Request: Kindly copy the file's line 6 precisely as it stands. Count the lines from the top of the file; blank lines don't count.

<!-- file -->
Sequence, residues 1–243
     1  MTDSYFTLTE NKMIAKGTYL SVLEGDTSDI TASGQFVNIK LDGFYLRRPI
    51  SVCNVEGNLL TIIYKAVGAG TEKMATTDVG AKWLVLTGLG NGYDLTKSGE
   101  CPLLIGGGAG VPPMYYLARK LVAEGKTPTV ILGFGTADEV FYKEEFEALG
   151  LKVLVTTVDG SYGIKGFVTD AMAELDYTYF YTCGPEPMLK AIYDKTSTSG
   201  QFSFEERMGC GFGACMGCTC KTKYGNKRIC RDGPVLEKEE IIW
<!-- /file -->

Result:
   201  QFSFEERMGC GFGACMGCTC KTKYGNKRIC RDGPVLEKEE IIW